Marguerite NaderPresident and Chief Executive Officer

Sure, Samir. So the two properties — both properties are kind of a going-in cap rate of 4.5 to 5 cap and with, I think, some opportunities on both sides to increase those yields with — under our management.

Samir KhanalEvercore ISI — Analyst

Okay. And then I guess, sticking to the transaction side, just kind of curious to know your views on the marina business, right? I mean, considering the recent announcement of your peer, just trying to get an understanding of kind of what your appetite is to grow the platform that you have today in your business.

Marguerite NaderPresident and Chief Executive Officer

Sure. So the marina industry is really highly fragmented. And I think as more investors enter the space, you’ll see that the owners of the individual assets will kind of have more bidders coming to their doors. But we’ve developed great relationships in the industry and we’ll continue to work through with those owners toward transactions. From our perspective, really the key for ELS is to own high-quality, well-located properties and the quality of the cash flow and the continuation of the cash flow is important to us as we bring on a new line of revenue to sit alongside our really proven and very predictable cash flow streams of MH and RV.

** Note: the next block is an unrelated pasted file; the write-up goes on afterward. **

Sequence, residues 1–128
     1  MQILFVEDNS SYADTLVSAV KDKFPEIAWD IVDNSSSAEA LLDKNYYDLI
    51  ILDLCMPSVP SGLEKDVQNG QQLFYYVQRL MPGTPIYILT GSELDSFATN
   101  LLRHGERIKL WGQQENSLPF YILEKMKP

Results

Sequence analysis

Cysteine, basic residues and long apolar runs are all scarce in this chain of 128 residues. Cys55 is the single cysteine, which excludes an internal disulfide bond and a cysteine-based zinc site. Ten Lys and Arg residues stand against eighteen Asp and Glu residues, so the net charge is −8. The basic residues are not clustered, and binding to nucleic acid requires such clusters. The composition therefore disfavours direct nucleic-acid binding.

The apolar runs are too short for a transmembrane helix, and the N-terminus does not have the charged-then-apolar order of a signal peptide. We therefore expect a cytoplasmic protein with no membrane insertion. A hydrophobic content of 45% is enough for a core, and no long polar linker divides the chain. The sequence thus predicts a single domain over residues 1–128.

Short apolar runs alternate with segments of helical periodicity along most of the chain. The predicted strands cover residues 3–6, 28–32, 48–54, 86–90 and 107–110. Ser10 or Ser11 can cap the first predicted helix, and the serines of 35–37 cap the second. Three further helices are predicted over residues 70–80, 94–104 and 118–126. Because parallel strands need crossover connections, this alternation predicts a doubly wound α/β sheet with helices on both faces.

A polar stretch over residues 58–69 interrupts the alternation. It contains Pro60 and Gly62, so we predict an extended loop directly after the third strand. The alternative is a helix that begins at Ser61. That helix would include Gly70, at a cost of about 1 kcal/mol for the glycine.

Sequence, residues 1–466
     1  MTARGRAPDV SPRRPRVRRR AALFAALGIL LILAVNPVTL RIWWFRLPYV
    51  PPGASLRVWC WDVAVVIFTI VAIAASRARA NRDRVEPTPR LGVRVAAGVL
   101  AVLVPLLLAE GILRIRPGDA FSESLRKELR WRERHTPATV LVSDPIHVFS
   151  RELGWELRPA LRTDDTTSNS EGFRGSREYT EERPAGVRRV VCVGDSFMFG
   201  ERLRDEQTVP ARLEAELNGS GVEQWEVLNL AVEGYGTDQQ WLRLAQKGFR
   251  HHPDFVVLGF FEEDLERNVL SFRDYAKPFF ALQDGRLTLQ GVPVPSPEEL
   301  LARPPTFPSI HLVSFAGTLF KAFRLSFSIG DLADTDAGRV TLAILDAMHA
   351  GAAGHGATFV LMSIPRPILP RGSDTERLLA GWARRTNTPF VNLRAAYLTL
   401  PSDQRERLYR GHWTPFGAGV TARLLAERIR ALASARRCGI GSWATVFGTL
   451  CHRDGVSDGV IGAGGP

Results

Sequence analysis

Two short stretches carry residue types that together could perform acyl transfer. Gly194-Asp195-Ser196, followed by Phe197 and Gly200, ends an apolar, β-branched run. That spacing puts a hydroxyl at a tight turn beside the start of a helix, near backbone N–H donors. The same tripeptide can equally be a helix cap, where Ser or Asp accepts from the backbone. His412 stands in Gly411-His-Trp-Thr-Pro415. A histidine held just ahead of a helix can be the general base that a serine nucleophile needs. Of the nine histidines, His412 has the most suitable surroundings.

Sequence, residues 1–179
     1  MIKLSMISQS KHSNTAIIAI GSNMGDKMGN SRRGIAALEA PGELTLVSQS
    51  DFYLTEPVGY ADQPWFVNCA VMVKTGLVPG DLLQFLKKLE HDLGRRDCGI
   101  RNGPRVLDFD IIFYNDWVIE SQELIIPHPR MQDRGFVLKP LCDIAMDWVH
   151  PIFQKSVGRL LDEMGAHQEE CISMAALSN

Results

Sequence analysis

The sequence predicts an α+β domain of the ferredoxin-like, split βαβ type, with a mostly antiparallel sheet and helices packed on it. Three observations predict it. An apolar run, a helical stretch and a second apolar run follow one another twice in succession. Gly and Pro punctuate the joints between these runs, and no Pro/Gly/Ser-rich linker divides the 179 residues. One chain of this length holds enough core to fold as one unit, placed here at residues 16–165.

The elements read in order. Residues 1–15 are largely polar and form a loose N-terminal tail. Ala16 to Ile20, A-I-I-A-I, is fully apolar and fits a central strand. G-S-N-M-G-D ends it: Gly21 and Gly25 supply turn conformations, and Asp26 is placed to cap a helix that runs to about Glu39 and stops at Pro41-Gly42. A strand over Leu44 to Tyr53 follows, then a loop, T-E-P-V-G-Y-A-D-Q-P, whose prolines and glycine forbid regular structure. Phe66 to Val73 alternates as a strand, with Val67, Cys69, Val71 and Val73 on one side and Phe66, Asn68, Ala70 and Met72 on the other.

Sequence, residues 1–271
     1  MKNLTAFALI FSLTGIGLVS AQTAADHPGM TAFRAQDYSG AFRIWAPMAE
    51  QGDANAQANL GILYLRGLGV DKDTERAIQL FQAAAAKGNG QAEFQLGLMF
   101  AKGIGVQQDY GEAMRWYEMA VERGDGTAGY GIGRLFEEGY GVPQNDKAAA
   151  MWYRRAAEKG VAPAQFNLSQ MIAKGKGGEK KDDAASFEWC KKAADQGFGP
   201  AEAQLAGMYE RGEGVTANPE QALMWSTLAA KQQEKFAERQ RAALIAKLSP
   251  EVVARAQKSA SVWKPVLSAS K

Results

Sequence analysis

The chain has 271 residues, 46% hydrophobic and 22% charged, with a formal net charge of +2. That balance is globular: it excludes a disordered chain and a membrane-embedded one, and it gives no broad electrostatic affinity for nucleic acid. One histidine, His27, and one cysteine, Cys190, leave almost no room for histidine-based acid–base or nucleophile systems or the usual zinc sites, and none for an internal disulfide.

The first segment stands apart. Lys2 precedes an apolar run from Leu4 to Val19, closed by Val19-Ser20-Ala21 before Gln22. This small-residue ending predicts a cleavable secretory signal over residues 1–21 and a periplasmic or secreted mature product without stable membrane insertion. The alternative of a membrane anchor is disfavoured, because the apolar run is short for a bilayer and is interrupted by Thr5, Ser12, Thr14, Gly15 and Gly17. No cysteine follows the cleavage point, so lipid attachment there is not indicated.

Samir KhanalEvercore ISI — Analyst

Okay. And is there a way to — if you go back to the time you’ve acquired the marinas, I mean, what’s been sort of the operating performance from an NOI perspective since the time you’ve held that till today? Is there a way to give us some sort of idea?

Marguerite NaderPresident and Chief Executive Officer

Sure. So I think, as we entered the business in 2017, I think what we talked about was a going-in yield of about 6 cap and that’s essentially how they’ve performed over the last two years. So they’ve performed well for us. These are assets that are highly annualized assets, really long term revenue and it’s been — it continues to be sticky.

Samir KhanalEvercore ISI — Analyst

Got it. Okay, thanks so much.

Marguerite NaderPresident and Chief Executive Officer

Thanks, Samir.

Operator

Thank you. Our next question comes from the line of John Pawlowski from Green Street. Your line is now open.

John PawlowskiGreen Street Advisors — Analyst

Great, thanks for the time. I wanted to go back to Nick’s question on the Canadian border being closed. The worst-case scenario where the border remains closed through the spring, what percentage of that seasonal and transient Canadian revenue do you think you can get back through domestic demand reasonably?